A Mighty Heart is a work of pathos, with politics simmering in the background and occasionally thrusting itself into the foreground but never taking center stage. That center is occupied by conjugal love, undone on earth by ideological fanaticism but persisting in the mind of the surviving lover, who refuses to let murder sully her spirit.
Wall Street Journal reporter Daniel Pearl, whom this film commemorates, was snatched off the streets of Karachi, Pakistan, in early 2002. He was abducted while on a mission to interview a sheikh he believed might shed light on the activities of Al Qaeda. In a sense, director Michael Winterbottom and his writers, Sara Crichton and John Orloff (working from a memoir by Pearl’s widow, Marianne), have left those abductors in the shadows. In the movie, they are an unseen force, though their paranoiac suspicions about Pearl being a CIA agent and their hunger to kill a Jew become evident. While these supporters of Khalid Sheikh Mohammed were later captured and convicted, their invisibility in the film makes them Kafkaesque in their intangible power: they are not to be argued with because they are mute, not to be bargained with because they offer nothing. It’s as if a black hole has invaded Karachi and sucked Pearl into itself.
Marianne Pearl tries to put a human face on her husband’s kidnappers by reminding the public, during one of her TV interviews, that the politically oppressed make their needs known through acts of desperate violence. Though this statement in itself has truth, it seems inadequate in the context of the movie since we never see the desperation of the kidnappers, or anything else about them.
Consequently, this film can’t give us anything approaching the furious complexity of Gillo Pontecorvo’s 1967 The Battle of Algiers, to which it has been wrongly compared. That masterpiece examined the ingredients of political violence with a Hegelian sense of tragedy: not a matter of pure good vs. pure evil, but two rights in collision, with both opponents-the French settlers and the Algerian insurgents-degrading their causes with violence. Nor can A Mighty Heart even achieve the satisfying melodrama of Constantin Costa-Gavras’s 1969 Z, in which a virtuous politician is assassinated by fascistic fanatics, who are then brought to justice by a heroic magistrate, because the capture of Pearl’s murderers lies outside the scope of this film.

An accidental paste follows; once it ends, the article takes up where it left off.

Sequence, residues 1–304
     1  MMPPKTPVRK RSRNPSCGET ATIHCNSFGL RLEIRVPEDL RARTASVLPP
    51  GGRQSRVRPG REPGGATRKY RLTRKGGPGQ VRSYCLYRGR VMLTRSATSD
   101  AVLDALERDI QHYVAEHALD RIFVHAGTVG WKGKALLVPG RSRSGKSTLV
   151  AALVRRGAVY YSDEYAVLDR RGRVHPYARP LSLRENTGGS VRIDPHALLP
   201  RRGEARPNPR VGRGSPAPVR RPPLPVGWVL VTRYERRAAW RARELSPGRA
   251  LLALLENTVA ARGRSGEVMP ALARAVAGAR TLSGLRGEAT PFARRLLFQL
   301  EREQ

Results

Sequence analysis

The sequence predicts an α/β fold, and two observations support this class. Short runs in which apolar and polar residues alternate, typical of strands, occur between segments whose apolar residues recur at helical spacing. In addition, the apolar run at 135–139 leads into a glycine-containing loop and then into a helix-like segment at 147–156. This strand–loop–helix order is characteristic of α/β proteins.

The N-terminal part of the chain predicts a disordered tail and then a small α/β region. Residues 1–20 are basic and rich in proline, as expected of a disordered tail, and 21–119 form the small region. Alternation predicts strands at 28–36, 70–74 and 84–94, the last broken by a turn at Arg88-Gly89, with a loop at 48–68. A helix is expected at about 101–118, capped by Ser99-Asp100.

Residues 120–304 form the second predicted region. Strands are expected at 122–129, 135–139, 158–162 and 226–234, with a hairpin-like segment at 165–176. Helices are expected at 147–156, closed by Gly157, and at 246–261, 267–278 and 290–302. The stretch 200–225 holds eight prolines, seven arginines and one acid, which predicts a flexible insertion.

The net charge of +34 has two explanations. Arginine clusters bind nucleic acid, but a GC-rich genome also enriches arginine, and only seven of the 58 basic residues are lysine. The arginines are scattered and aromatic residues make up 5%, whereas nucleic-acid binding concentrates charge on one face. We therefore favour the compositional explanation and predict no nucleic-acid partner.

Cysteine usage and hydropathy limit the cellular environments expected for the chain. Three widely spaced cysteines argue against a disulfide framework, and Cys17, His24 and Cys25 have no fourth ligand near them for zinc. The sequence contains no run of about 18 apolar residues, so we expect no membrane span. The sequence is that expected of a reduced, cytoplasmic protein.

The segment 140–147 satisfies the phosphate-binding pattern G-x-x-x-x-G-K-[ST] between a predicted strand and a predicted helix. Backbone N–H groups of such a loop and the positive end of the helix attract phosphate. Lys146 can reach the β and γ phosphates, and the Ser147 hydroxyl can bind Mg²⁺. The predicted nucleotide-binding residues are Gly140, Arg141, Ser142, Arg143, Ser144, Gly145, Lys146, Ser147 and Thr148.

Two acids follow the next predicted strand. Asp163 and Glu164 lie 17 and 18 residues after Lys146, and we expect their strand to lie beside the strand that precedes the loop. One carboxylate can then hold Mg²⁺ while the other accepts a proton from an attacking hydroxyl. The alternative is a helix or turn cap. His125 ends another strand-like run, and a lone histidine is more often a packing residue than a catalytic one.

A Mighty Heart succeeds strictly on one level: the sickening mixture of panic and desolation felt by Marianne as the police investigation (conducted by both Pakistani security and the FBI) keeps turning up leads without any happy results. This is fully conveyed by the script and the deliberately choppy editing. We have all endured at least a few moments of panicked loss (as when a child temporarily disappears from our side), but for Mrs. Pearl this emotion became an expanding and enveloping nightmare.
It is to the credit of the filmmakers that they do not try to make the narrative tidy and sleek, trimmed of the incongruities and absurdities real tragedies contain. A cab hired to whisk Pearl’s fellow journalists to a morgue for a momentous identification suddenly breaks down, and the reporters, cursing and sweating, scramble out to push the heap, a scene that would be humorous in another context. One of those colleagues, trying to be considerate of Marianne’s feelings, begins to say something about how to determine if Daniel is still alive, then stifles those two words at the last moment and substitutes “safe,” making us feel all at once his embarrassment, desperation, and kindness. Marianne opens a television interview by declaring, “I have three things I want to say” about the kidnapping. But, since her initial statement makes a dramatic impact, the interview gets cut off after she mentions only one. Even heartbreak has to be formatted for airtime. Such moments of clumsiness and absurdity give this film a gritty memorability.
Although the movie is well acted all around, it’s understandable that Angelina Jolie’s performance has garnered most of the kudos. Young American actresses often possess energy, force, and wit. Yet they seldom convey the self-assurance that seems second nature to European women, the feeling that no matter what life hurls at them, they understand their place in the world, and that place (both social and spiritual) will let them know how to proceed. (When a young American woman is resourceful, it’s because she knows her rights, not her place, which keeps shifting.) Mrs. Pearl has an African-Cuban-Dutch heritage but seems European in her orientation, and Jolie is one American actress who has no problem with this quality of character. Marianne underwent moments of absolute frenzy and despair during her crisis, and Jolie performs these quite well. But her real triumph lies not in such isolated, hyper-dramatic moments, but in the continuous realization of the heroine’s besieged dignity, a calm she forced herself to maintain in order to battle for her husband’s life and to keep the baby she was carrying out of danger. When an interviewer asks her what she would say to her husband if he could hear her, she replies, “I love you,” and the way Jolie inflects “love” makes the banal sentence an auditory caress.
The title of the film expresses, of course, the tribute Marianne wishes to pay to Daniel. And though Daniel’s heart was stilled by fanatics, Jolie’s performance guarantees that we know Marianne’s heart beats mightily enough for herself and for him.